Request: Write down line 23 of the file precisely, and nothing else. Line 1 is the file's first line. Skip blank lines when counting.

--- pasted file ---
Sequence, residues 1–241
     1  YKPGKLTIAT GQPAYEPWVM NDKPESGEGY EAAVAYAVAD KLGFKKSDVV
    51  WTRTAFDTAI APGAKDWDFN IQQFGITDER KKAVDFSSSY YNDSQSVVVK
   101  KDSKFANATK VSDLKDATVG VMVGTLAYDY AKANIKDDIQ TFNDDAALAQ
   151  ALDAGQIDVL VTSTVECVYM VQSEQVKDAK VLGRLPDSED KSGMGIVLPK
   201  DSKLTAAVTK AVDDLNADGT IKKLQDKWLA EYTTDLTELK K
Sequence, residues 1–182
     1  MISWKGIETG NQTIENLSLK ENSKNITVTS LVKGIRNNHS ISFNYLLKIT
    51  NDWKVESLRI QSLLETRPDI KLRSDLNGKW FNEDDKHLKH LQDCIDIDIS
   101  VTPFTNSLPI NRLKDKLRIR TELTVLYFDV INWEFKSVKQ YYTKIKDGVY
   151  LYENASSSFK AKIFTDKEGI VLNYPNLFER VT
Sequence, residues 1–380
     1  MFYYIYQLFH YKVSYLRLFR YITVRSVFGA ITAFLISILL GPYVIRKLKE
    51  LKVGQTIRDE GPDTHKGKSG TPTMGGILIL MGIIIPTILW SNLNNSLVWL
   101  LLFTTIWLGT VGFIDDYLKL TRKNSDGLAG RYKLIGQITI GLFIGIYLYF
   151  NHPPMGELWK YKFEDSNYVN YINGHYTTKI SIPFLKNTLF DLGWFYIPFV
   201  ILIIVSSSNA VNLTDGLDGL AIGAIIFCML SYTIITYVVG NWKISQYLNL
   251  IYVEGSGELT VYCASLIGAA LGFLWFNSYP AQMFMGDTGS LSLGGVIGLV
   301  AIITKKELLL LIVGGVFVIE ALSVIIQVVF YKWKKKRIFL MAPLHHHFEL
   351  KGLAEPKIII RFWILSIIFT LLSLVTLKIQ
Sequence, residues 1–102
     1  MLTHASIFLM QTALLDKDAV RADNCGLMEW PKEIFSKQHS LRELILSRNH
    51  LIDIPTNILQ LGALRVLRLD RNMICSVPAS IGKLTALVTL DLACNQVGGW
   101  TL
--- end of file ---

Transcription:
    51  LIDIPTNILQ LGALRVLRLD RNMICSVPAS IGKLTALVTL DLACNQVGGW